Ed Lee is the mayor of San Francisco. Ed Murray is the mayor of Seattle.


To read the original article, click here.


June 19, 2014 | News, Press Releases, Videos

VIDEO: The Internet Association and Sen. John Thune Highlight Sioux Falls Internet Success Stories

Beckerman: “From Internet startups to pastry shops, the Internet has transformed the way Main Street America does business…”


Washington, D.C. — The Internet Association recently stopped by Sioux Falls, South Dakota with Sen. John Thune (R-SD) and FCC Commissioners Ajit Pai and Mike O’Rielly to meet local business owners who rely on the Internet for their businesses to operate and thrive.

During their visits along South Phillips Avenue in downtown Sioux Falls, three businesses opened their doors to explain how the Internet enables their businesses to operate in Sioux Falls and reach customers across the country. The crawl included stops at Blend Interactive, Chelsea’s Boutique, and CH Patisserie.

“The Internet is a great way for South Dakota businesses to grow, expand, and create jobs,” said Sen. John Thune. “The Internet Association’s visit to Sioux Falls highlights how small businesses rely on the Internet to expand their reach in ways that would not have been possible just a few years ago. This digital trade drives economic growth and innovation throughout the U.S. economy, and provides small businesses the opportunity to compete globally.”

“From Internet startups to pastry shops, the Internet has transformed the way Main Street America does business,” said Michael Beckerman, President and CEO of The Internet Association. “The Internet drives innovation and allows brick and mortar businesses to expand their reach and create jobs in every state and town.”


June 17, 2014 | News, Statements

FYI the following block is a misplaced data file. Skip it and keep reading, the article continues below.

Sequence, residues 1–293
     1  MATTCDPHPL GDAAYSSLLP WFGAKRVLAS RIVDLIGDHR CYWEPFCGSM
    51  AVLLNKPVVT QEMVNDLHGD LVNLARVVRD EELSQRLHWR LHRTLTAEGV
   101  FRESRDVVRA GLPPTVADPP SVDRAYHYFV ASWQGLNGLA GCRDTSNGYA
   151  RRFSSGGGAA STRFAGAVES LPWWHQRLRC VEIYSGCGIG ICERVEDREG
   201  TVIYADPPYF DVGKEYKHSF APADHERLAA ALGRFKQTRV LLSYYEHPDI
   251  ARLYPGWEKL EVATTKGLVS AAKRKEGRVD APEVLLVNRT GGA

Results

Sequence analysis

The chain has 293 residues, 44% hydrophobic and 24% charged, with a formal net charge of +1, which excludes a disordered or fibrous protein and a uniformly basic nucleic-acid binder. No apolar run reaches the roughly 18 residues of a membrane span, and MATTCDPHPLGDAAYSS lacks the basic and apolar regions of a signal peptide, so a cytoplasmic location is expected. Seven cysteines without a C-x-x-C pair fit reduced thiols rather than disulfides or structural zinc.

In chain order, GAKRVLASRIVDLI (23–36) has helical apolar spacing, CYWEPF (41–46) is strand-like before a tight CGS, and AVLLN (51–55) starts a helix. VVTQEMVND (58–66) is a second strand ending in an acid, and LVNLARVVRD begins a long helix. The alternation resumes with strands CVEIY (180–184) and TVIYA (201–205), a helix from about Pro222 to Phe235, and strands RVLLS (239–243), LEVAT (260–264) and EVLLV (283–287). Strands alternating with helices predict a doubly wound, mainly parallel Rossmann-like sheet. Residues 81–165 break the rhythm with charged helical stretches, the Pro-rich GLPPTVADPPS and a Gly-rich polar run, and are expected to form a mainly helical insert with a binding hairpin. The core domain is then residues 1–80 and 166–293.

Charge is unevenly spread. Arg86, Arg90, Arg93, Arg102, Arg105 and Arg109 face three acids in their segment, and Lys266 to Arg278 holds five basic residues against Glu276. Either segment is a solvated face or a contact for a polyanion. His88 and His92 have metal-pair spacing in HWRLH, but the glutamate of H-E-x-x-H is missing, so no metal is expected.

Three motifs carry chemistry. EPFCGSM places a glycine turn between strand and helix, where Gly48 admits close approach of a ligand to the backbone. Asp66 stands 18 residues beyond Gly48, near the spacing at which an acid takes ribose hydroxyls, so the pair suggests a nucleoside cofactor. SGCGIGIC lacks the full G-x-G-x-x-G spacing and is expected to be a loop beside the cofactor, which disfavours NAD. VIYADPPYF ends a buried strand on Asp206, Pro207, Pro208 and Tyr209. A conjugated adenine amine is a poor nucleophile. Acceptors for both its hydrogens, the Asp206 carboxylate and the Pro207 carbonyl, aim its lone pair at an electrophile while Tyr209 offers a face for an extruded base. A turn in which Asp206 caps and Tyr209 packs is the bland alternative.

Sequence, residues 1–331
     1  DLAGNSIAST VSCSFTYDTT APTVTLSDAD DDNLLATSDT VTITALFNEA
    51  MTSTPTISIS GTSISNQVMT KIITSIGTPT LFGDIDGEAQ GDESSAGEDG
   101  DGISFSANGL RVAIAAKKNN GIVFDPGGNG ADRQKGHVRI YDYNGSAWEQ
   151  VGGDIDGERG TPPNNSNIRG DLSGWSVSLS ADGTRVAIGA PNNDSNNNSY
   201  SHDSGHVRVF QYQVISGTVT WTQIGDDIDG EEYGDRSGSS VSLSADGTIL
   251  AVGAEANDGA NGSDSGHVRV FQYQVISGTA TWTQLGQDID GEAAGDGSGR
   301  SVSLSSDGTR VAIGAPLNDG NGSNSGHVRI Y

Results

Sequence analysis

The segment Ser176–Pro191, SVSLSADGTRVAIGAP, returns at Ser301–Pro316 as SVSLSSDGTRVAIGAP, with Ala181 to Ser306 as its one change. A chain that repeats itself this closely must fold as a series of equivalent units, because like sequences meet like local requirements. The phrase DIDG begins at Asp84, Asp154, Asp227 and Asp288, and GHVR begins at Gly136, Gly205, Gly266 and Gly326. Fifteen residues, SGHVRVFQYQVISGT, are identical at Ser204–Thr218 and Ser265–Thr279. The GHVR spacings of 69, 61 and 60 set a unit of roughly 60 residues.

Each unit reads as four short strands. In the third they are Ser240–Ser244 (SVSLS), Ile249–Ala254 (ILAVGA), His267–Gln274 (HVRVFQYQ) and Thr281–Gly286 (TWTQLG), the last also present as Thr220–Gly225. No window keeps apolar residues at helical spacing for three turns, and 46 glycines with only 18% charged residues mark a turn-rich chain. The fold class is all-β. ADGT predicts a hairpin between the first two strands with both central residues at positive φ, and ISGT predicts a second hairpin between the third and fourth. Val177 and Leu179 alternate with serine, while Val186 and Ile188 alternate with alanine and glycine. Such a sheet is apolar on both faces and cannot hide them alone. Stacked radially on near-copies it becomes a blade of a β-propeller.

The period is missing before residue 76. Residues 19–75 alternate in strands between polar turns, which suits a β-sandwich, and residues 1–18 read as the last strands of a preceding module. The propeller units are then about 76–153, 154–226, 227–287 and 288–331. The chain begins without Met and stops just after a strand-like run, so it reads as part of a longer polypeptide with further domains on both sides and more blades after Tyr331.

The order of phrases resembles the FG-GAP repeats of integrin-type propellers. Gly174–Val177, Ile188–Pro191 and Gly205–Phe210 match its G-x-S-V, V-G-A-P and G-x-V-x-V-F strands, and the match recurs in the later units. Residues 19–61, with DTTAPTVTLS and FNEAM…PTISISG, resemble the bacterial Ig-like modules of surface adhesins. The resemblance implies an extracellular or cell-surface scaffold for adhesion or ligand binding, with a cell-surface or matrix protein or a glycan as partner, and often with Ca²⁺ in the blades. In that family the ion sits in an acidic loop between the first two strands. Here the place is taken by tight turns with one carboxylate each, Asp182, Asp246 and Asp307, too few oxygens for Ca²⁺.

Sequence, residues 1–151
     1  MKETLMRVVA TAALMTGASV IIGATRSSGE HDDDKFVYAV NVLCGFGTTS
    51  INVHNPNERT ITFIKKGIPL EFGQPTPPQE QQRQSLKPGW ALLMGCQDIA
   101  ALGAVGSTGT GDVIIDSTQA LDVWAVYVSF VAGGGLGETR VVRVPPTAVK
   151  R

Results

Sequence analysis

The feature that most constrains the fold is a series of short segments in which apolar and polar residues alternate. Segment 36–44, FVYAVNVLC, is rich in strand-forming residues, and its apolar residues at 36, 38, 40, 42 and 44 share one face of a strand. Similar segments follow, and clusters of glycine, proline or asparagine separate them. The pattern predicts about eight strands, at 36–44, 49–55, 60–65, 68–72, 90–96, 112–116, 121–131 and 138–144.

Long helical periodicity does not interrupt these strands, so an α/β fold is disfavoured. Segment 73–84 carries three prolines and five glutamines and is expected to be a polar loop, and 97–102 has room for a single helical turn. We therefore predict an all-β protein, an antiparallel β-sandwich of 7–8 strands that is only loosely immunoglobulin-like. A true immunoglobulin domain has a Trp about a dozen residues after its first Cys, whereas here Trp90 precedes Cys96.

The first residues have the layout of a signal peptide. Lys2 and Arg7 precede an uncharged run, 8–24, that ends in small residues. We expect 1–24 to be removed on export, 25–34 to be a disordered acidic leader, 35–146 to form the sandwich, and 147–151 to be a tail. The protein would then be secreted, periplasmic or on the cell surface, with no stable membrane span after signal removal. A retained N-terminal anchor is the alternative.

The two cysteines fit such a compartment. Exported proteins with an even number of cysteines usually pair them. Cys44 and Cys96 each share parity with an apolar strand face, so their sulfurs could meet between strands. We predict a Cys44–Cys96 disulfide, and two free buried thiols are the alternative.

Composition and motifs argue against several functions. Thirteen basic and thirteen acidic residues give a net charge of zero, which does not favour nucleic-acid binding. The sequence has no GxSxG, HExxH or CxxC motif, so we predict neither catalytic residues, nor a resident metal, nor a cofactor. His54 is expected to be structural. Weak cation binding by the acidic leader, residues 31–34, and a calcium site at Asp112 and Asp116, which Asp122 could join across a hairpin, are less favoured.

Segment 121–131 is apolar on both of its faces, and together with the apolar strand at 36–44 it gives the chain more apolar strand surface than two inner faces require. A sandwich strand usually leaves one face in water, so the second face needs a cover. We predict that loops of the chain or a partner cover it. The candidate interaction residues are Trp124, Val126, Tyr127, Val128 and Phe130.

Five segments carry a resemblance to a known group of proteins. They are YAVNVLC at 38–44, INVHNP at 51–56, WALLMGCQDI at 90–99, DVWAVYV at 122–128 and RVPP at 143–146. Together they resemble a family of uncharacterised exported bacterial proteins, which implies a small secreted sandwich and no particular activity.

Statement on Net Neutrality Proposals

Washington, D.C. – The Internet Association’s President and CEO, Michael Beckerman issued the following statement on recent net neutrality proposals:

“The Internet Association supports an open Internet, which empowers consumer choice and fosters innovation. The Internet is a hotbed of innovation, economic growth, and job creation. It should remain free of artificial hindrances that create discriminatory fast lanes and slow lanes. We commend the efforts of Sen. Leahy, Rep. Matsui and other policymakers who understand the need for a free and open Internet.”


June 16, 2014 | News, Press Releases

The Internet Association Hires New Communications Director

Washington, D.C. – The Internet Association, the trade association representing the leading global Internet companies, announced today that Noah Theran has joined the organization as Communications Director.

“As the unified voice of the internet economy, impactful communications is one of our most important functions,” said Internet Association President and CEO Michael Beckerman.  “We are pleased to have Noah on The Internet Association team to head up our communications program.  He is a seasoned communicator with a proven track record of navigating challenging public policy issues, and his skills will be put to good use, as Internet companies look to engage the public and policymakers on issues important to our industry.”

Most recently, Theran was Communications Director at the Private Equity Growth Capital Council in Washington, D.C., where he helped the private equity industry rebut attacks from the 2012 presidential election and managed communications around comprehensive tax reform and regulatory issues.  Prior to the PEGCC, Theran worked for Rasky Baerlein Strategic Communications in Washington, where he developed and executed communications strategy for a diverse set of clients with broad reputation, image, and crisis management challenges.  Theran moved to Washington from Boston, where he worked in real estate development.